Remember that it’s a long process, and don’t put yourself under any sort of pressure. Work on changing your inner perception of the foods you’re choosing to leave behind rather than on just banning them.

It’s so incredible when you can just buy an assortment of veggies and rustle up a scrumptious, nutritious feast from them and you know that you’re making a positive contribution to changing the world.

Because we need to change. We need to see what’s staring us in the face, that the current system doesn’t work for the animals, it doesn’t work for your health and it doesn’t work for the planet.

How much more evidence do we need?

Some Easy Vegan Meal Suggestions

Vegan Breakfast Ideas

A delicious fruit bowl is one of the most popular vegan breakfasts you could make. Add some ground flax seen, chia seed and hemp seed on top for a nutritious omega 3 & protein boost.

If you’re more of a fan of eggs for breakfast, to replace scrambled egg, you can make a delicious, easy, and quick meal with this tofu scramble recipe. It’s full of protein and if you’re eating it for lunch instead of breakfast, it can be coupled with veggies and beans to make a complete feast.

For a filling breakfast, you may like to make some delicious vegan pancakes. These homemade pancakes are gluten free, healthy, protein-rich and tasty. They’re easy to make and can be served with fruit, maple syrup, or peanut butter!

Vegan Snacks & Lunch

For a quick snack, tofu makes for an easy tapas with this baked tofu snack recipe.

Chickpeas are health-promoting and a valuable contribution to a great vegan diet. You can make a quick, healthy snack by making this roasted chickpea snack, or you can use it as a complete meal by adding it to a buddha bowl.

Another thing that goes great in a buddha bowl is a falafel, or these vegan balls that are similar to falafel, but can be made from leftovers.

And where would life be without soup? It’s so easy to make a delicious soup! For a basic recipe, see this easy vegetable soup recipe, and it’s very simple to make a vegan stock for soup. There are so many soups: tomato soup, pumpkin soup, carrot & sweet potato soup, potato soup and Vegan French onion soup, to mention just a few!

When you go vegan, you take salads to a whole new level. Try this king salad, a gluten free pasta salad, a zucchini carpaccio salad, a quinoa salad or a grilled summer vegetable salad. Never again will you think of just lettuce when you hear the word salad!

Bowl of quinoa salad
Quinoa salad

Vegan Main Courses

There are too many great vegan recipes to list here, but some stand out as being really handy to get under your belt.

Some of my favourites are this vegetable rice or nasi goreng, vegetable noodles or bami goreng, a simple vegan & gluten free way to make a cheat’s pizza and a basic eggplant curry recipe to pull out of the hat whenever you fancy something a bit spicy (or not).

For a complete meal that can be made with ease, take a look at this hands-off dinner recipe, and if you have a lot of zucchini, here’s a post about 9 easy zucchini recipes.

Vegan Sweet Tooth Protein Boost

For the sweet tooth, you can’t miss out on these absolutely yummy, no bake vegan balls, made with 100% healthy ingredients.

Bowl of no bake protein energy balls
Delicious protein balls

Kitchen Tips for a Vegan Lifestyle

Learn how to make a few simple vegan sauces that will pick up almost any meal, and a traditional hummus to go on the side.

You can make a simple vegan butter by following this recipe and to replace grated parmesan, try this instant vegan parmesan recipe. It’s a doddle to make this simple vegan mozzarella and if you’re worried about missing (dairy) cheese, read this cheese recipe which comes with an article on how to give up traditional cheese.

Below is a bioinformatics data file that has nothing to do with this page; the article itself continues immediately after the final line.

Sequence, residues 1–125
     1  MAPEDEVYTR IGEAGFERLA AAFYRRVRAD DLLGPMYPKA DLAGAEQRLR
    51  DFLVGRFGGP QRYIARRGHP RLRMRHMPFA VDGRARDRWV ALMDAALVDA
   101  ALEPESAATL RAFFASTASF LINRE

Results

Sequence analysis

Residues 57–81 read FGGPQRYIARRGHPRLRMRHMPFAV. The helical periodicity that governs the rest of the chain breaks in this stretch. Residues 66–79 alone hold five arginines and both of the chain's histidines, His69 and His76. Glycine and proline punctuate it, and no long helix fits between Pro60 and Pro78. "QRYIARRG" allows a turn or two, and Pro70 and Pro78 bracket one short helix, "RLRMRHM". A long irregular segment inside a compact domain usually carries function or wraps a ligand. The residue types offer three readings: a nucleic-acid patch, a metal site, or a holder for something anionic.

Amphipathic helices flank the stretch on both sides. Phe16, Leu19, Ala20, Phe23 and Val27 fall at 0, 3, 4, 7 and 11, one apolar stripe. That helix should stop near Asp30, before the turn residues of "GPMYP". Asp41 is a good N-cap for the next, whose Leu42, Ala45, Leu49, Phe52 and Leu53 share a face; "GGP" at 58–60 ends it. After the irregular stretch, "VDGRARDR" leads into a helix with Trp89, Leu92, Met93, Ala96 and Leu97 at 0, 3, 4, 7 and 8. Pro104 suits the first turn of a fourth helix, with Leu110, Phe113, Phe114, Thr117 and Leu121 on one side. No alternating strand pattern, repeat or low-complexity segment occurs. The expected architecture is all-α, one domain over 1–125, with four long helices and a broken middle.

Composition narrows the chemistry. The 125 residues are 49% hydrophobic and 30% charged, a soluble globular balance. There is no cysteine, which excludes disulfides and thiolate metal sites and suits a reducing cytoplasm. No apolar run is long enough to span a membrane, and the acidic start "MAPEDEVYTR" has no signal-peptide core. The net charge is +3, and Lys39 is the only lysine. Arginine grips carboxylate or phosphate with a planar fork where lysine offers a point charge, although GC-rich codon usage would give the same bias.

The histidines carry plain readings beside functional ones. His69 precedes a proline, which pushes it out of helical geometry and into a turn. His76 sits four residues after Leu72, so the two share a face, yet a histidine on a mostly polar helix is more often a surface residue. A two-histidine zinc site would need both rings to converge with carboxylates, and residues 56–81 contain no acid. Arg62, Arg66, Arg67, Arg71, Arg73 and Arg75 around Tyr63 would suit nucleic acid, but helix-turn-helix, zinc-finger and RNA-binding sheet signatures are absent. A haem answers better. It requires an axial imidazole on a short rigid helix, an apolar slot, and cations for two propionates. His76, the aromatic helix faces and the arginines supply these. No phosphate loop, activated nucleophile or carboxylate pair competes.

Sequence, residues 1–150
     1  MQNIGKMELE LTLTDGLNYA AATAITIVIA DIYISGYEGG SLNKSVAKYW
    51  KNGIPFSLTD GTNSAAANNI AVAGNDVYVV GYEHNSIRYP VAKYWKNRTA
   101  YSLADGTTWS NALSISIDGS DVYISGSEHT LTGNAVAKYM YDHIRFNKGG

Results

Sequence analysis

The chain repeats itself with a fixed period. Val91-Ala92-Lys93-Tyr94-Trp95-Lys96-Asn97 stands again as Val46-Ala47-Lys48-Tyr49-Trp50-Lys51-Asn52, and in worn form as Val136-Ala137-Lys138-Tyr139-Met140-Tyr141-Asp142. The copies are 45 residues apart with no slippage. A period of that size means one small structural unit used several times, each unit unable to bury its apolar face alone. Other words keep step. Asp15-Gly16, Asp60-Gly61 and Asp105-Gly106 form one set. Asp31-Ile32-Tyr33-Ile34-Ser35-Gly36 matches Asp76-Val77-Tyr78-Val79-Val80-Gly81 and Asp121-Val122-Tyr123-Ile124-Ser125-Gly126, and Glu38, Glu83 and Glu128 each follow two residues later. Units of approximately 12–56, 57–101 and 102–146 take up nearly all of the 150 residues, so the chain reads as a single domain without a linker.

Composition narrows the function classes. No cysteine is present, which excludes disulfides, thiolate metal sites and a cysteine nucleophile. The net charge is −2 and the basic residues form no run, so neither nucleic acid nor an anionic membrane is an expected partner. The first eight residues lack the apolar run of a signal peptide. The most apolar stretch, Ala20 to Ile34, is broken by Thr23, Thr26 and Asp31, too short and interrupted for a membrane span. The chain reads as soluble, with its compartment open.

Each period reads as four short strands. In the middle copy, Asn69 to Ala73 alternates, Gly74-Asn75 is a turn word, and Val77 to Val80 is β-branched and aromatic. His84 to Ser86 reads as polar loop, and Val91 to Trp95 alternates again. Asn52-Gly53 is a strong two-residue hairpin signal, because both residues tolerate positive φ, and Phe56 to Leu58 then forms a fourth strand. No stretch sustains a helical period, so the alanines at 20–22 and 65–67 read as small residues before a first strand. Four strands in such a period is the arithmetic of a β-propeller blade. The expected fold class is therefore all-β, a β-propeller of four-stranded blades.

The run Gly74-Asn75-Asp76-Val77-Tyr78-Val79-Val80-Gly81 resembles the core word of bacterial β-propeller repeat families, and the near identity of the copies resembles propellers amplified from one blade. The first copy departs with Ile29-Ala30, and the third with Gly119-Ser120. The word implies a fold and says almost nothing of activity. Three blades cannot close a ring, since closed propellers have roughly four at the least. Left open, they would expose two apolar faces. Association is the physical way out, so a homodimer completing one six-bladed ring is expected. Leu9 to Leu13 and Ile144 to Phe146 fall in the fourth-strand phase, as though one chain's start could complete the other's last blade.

Finally, we have a post about 10 tips for the vegan kitchen to make your life easier, which shares some of the tips and tricks that I’ve learned over the years.

How to Transition to a Vegan Diet 100%

The way to transition to anything new in your life always starts with the mind. You need to read enough, see enough, hear enough – whatever format it’s in – you need to change your fundamental beliefs about what you eat.

If you don’t want to support cruelty any more, your subconscious mind needs to re-program itself. You can say ‘I don’t want to eat meat,’ as many times as you like, but if your subconscious mind isn’t activated, then you’ll still crave the meat, because your subconscious will think you’re missing out on something.

Only when you really change your opinion on a deep subconscious level; then you will never struggle with changing a habit. You’ll simply be ecstatic that you are no longer eating those things which you don’t want to eat.

Be patient; you’re reprogramming your hard drive.

How to Activate (and Influence) Your Subconscious Mind for Transitioning to a Vegan Lifestyle

When you ‘cross a line’ within your subconscious mind, that’s when you’ll experience complete freedom. But before crossing the line you can still begin your new journey of plant based eating!

The subconscious needs to be fed the facts repeatedly until it believes the information which started you off down this path in the first place.

Even though you think you’ve made up your mind, continue to watch movies like the Game Changers, What the Health, Cowspiracy, Forks Over Knives, Vegucated, H.O.P.E and more.

You can also research information on the internet and make it part of your weekly routine. Knowledge will turn you off eating cruelty-created food. Why is it that nobody wants to know about the cruelty behind closed doors? Yup, because they know it isn’t cool.

Have you ever been violently ill after eating something, and then, from that day on, whenever you look at that food, it no longer attracts you? Or what about alcohol? Have you ever been sick from drinking alcohol when you were young and then completely gone off that brand of drink? Martini used to be a classic for this scenario as it was so cheap, so young people could afford it, get ill on it, then never drink it again.

These are two examples of the subconscious mind at work. Your subconscious learnt that these foods or drinks make you ill (even if it was only once) so it runs a program to turn you off that food. When your subconscious mind is repelled by the cruelty involved in making a hamburger, you’ll look at the hamburger with different eyes and no longer with adoration.